Kenny Green’s $45,000 payment from the province for the prison chapel beating that left him with permanent injuries was an out-of-court settlement, The Telegram has learned.
Green, who was convicted of manslaughter for the 2013 beating death of 47-year-old Joey Whalen, had been suing the province for negligence in connection with a riot in the chapel at Her Majesty’s Penitentiary four years ago. Green was the target of the planned attack, which saw him beaten, stabbed with homemade knives, and struck in the head with a broken pew.
Green argued the province was negligent toward him since correctional officers allowed the riot to happen. The province said officers had warned Green, based on information they had received about the planned attack, but he chose to attend the chapel service that day, anyway.
The last time the case was before the court was in September, when a judge shut down Green’s request to have the province banned from operating HMP on the grounds it is “filthy and decrepit,” lacks proper space, air conditioning and officer numbers, and is in “such a deplorable condition as to constitute inhumane, cruel and unusual punishment.”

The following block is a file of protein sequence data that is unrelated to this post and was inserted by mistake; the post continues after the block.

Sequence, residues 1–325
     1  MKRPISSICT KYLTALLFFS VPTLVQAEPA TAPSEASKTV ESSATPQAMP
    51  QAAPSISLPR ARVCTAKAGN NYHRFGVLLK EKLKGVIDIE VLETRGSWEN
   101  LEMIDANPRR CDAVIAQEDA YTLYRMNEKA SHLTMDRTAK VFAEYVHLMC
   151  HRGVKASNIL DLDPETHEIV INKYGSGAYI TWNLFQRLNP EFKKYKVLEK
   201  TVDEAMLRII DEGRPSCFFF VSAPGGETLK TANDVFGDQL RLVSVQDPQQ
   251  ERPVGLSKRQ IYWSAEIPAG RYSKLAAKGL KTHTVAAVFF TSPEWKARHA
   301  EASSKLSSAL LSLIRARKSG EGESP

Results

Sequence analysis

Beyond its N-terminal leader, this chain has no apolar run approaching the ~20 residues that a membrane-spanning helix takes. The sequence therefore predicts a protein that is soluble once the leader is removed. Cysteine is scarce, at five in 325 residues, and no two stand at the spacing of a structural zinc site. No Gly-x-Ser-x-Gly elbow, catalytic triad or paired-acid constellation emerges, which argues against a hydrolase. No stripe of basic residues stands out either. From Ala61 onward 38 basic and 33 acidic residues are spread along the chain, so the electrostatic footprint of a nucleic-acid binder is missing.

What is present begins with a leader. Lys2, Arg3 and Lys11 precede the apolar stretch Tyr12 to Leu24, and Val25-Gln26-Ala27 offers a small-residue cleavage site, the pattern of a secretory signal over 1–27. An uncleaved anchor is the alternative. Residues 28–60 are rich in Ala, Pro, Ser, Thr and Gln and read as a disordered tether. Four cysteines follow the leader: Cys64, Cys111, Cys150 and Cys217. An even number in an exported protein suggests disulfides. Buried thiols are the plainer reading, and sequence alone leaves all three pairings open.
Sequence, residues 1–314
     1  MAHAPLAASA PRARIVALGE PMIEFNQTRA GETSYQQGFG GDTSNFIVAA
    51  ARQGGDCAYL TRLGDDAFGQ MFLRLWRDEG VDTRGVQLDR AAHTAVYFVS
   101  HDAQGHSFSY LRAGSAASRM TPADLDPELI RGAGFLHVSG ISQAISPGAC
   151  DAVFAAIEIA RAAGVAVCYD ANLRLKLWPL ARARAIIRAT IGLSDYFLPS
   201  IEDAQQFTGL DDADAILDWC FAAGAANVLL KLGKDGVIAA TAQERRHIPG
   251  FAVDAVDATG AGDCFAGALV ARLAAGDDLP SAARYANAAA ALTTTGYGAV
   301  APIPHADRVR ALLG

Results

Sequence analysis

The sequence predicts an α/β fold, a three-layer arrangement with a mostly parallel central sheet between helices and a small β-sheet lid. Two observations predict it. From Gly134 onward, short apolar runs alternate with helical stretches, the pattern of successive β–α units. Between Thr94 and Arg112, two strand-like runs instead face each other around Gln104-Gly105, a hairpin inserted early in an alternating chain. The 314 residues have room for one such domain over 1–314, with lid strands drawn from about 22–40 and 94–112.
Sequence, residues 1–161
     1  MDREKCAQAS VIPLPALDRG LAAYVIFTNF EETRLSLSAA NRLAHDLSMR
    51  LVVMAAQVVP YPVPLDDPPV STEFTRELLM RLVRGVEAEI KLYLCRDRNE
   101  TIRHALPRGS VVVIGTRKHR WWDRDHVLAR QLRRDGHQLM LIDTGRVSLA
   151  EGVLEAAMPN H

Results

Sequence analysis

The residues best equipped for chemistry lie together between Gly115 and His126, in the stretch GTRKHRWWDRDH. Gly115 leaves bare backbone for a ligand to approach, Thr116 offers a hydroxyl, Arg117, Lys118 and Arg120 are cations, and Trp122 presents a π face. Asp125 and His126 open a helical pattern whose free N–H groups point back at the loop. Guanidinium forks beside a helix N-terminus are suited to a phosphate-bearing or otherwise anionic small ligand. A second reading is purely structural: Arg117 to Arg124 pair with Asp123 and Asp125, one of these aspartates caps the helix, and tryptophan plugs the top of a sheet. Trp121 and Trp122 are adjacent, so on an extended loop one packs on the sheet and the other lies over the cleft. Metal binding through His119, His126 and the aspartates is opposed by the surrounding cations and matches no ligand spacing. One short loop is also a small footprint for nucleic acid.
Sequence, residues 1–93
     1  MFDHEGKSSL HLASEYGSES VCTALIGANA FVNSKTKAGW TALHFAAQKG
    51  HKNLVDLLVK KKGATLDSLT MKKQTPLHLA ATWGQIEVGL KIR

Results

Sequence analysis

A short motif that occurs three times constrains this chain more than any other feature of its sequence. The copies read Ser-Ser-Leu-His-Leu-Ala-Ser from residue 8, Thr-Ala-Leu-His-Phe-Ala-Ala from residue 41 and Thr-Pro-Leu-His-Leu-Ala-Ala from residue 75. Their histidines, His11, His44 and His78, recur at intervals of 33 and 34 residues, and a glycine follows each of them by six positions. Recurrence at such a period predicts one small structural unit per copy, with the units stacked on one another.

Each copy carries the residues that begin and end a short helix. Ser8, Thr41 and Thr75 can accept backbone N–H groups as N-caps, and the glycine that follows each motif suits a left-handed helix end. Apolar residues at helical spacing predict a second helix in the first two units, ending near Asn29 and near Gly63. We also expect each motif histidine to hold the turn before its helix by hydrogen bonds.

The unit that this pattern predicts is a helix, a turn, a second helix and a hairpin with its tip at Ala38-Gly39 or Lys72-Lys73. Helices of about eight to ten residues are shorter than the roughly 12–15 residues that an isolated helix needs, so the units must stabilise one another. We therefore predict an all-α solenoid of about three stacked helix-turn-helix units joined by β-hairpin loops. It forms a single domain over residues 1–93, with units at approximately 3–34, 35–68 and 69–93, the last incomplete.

Green’s lawyer, Lynn Moore, told the court her client’s risk would have been minimized by a properly functioning institution. Justice Carl Thompson rejected the request, saying it went “far beyond” any personal relief Green was seeking, and could overstep the court’s boundaries.
The provincial government recently posted a notice online
showing it had approved on Feb. 19 the transfer of $45,000 from its contingency reserve to the Department of Justice and Public Safety to settle Green’s civil suit.
Moore told The Telegram Thursday morning a discontinuation notice for the suit will be filed with the court shortly.
Neither she nor Green wanted to comment on the case, she said.
Moore has previously said Green suffers from musculoskeletal problems and memory issues because of the prison attack, for which a number of inmates were convicted. Part of the chapel brawl was caught by a surveillance camera, and footage shows dozens of inmates filing into the room and a clergyman beginning a service before one inmate rushes at the camera and slaps a wet paper towel on the lens.
When the towel falls, there’s a bloody free-for-all happening, with Green at the centre, being attacked by several others.
The attack is said to have been organized as retaliation for Whalen’s death. Green was convicted in 2014 of manslaughter for the beating of Whalen, 47, on Tessier Place in St. John’s. Whalen died of his injuries in hospital a few days later. Green was sentenced to six years in prison, minus 19 months’ time served, based upon a joint recommendation by Crown and defense lawyers.